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Enhancing Health Data Interoperability with Large Language Models: A FHIR Study: Methods

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This paper is available on arxiv under CC 4.0 license.


(1) Yikuan Li, MS, Northwestern University Feinberg School of Medicine & Siemens Medical Solutions;

(2) Hanyin Wang, BMed, Northwestern University Feinberg School of Medicine;

(3) Halid Z. Yerebakan, PhD, Siemens Medical Solutions;

(4) Yoshihisa Shinagawa, PhD, Siemens Medical Solutions;

(5) Yuan Luo, PhD, FAMIA, Northwestern University Feinberg School of Medicine.

Table of Links



Results and Discussions

Conclusion & References


Data Annotation To the best of our knowledge, there is no largely publicly available dataset in the FHIR standard that is generated from contextual data. Therefore, we have chosen to annotate a dataset containing both free-text input and structured output in FHIR formats. The free-text input was derived from the discharge summaries of the MIMICIII datase. 3 Thanks to the 2018 n2c2 medication extraction challenge 4 , which essentially involves named entity recognition tasks, elements in medication statements have been identified. Our annotations built upon these n2c2 annotations and standardized the free text into multiple clinical terminology coding systems, such as NDC, RxNorm, and SNOMED. We organized the contexts and codes into FHIR medicationStatement resources. The converted FHIR resources underwent validation by the official FHIR validator ( to ensure compliance with FHIR standards, including structure, datatype, code sets, display names, and more. These validated results were considered the gold standard transformation results and could be used to test against the LLMs. No ethical concerns exist regarding data usage, as both the MIMIC and n2c2 datasets are publicly available to authorized users.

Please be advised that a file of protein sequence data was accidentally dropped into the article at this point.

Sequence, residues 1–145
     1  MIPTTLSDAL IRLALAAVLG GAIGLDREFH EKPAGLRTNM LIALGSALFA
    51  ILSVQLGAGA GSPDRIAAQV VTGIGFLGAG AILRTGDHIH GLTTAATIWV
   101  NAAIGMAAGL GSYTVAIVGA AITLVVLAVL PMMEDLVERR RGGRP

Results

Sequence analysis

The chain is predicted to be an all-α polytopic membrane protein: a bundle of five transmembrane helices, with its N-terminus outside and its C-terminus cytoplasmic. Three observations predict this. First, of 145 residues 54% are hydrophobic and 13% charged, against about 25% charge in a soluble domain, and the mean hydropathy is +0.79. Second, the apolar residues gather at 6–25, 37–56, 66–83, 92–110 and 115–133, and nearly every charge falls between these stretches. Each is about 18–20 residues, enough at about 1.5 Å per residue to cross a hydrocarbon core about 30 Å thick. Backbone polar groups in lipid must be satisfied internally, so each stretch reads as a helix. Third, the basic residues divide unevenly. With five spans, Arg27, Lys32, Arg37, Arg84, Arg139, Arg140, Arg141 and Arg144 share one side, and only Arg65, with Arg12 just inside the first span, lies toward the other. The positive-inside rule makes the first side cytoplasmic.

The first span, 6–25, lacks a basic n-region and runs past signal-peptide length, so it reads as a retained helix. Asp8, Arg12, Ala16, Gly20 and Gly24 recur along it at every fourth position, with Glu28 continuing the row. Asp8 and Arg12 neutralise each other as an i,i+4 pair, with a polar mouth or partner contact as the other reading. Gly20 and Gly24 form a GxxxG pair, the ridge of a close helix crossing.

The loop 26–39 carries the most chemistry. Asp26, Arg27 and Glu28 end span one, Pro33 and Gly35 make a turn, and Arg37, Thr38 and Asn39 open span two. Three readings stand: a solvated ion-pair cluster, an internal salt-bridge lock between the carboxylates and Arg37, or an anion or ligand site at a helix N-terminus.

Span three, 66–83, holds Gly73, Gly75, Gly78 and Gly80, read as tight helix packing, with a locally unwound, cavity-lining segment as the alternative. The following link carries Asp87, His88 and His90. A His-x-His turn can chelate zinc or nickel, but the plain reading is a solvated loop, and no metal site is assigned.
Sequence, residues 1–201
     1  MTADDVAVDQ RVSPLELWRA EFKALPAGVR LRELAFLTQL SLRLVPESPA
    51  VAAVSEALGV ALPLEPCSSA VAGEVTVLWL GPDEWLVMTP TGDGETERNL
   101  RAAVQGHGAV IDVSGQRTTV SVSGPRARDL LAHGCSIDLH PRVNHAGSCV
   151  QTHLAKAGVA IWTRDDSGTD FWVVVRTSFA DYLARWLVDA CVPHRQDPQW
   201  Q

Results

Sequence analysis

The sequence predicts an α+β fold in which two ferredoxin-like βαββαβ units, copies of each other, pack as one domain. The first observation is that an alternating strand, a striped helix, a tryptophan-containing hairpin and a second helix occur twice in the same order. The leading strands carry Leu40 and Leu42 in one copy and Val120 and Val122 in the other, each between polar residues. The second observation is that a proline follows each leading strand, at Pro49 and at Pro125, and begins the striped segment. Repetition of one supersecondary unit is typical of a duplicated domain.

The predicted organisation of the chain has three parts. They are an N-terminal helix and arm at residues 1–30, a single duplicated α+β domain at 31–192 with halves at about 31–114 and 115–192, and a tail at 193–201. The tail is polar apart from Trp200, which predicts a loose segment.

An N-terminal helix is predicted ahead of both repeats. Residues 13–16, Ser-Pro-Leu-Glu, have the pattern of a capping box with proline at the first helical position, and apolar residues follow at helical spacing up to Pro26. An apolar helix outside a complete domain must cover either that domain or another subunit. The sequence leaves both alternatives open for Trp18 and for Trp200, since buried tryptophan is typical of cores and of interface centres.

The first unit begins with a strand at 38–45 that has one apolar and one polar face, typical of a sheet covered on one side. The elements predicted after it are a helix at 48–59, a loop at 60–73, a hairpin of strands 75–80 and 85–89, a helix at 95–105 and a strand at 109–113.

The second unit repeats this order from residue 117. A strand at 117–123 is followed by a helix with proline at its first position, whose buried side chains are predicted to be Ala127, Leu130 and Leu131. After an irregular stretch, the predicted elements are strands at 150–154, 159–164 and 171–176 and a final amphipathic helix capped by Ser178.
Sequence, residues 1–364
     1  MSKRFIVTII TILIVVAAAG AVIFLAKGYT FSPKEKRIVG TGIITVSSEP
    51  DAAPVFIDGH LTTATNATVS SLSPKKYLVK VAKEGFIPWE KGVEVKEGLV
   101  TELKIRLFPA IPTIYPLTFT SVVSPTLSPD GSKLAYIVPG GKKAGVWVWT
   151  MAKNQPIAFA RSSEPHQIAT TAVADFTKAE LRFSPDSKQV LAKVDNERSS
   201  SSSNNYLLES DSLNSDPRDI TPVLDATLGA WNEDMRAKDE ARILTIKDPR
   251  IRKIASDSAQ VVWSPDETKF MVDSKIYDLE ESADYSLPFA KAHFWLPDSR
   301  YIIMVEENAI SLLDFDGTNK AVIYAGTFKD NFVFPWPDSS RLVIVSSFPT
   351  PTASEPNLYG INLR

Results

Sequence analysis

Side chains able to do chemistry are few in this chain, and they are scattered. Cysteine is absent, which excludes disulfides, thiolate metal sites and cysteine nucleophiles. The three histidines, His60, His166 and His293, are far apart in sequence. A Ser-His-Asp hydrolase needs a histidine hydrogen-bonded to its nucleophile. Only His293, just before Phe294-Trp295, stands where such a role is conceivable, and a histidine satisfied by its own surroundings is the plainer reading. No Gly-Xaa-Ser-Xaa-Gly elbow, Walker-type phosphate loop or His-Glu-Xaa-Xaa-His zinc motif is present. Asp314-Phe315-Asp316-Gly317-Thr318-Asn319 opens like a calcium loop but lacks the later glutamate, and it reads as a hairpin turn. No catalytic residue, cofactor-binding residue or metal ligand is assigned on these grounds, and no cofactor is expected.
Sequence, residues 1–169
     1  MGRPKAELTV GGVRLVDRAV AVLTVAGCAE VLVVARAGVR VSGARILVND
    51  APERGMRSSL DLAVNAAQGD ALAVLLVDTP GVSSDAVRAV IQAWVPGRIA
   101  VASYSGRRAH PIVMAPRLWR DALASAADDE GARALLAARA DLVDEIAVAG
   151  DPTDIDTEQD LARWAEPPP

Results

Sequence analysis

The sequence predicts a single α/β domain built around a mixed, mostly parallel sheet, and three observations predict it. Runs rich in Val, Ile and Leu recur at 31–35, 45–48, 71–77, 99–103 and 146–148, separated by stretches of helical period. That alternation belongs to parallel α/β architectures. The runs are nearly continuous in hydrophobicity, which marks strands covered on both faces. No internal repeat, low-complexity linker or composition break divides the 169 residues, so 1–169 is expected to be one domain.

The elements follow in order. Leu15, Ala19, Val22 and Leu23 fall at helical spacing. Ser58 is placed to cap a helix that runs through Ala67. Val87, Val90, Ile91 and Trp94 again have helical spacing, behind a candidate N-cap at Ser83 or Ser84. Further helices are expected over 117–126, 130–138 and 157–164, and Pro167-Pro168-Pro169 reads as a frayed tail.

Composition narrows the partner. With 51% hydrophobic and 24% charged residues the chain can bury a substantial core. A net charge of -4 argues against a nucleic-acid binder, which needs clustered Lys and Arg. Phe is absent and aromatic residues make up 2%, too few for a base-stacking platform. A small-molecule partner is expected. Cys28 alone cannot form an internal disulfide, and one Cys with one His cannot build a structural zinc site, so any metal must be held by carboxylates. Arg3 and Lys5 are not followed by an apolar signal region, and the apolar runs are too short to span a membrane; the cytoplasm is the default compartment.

Large Language Model We used OpenAI's GPT-4 model as the LLM for FHIR format transformation. We used five separate prompts to instruct the LLM to transform input free text into medication (including medicationCode, strength, and form), route, schedule, dosage, and, reason, respectively. All prompts adhered to a template with the following strucuture: task instructions, expected output FHIR templates in .JSON format, 4-5 conversion examples, a comprehensive list of codes from which the model can make selections, and then the input text. As there was no finetuning or domain-specific adaptation in our experiments, we initially had the LLM generate a small subset (N=100). Then, we manually reviewed the discrepancies between the LLM-generated FHIR output and our human annotations. Common mistakes were identified and used to refine the prompts. It's important to note that we did not have the access to the whole lists of NDC, RxNorm, and SNOMED Medication codes for drug names, as well as SNOMED Finding codes for reasons. Additionally, even if we had such comprehensive lists, they would have exceeded the token limits for LLMs. Thus, we did not task LLMs with coding these entities; instead, we instructed them to identify the contexts mentioned in the input text. For other elements, e.g. drug routes and forms, numbering in the hundreds, we allowed LLMs to directly code them. When evaluating the LLM-generated output, our primary criterion was the exact match rate, which necessitates precise alignment with human annotations in all aspects, including codes, structures, and more. Additionally, we reported precision, recall, and F1 scores for specific element occurrences. We accessed the GPT-4 APIs through the Azure OpenAI service, aligning with responsible use guidelines for MIMIC data. The specific model we used was 'gpt-4-32k' in its '2023-05-15' version. Each text input was individually transformed into a MedicationStatement resource. To optimize efficiency, we made multiple asynchronous API calls.

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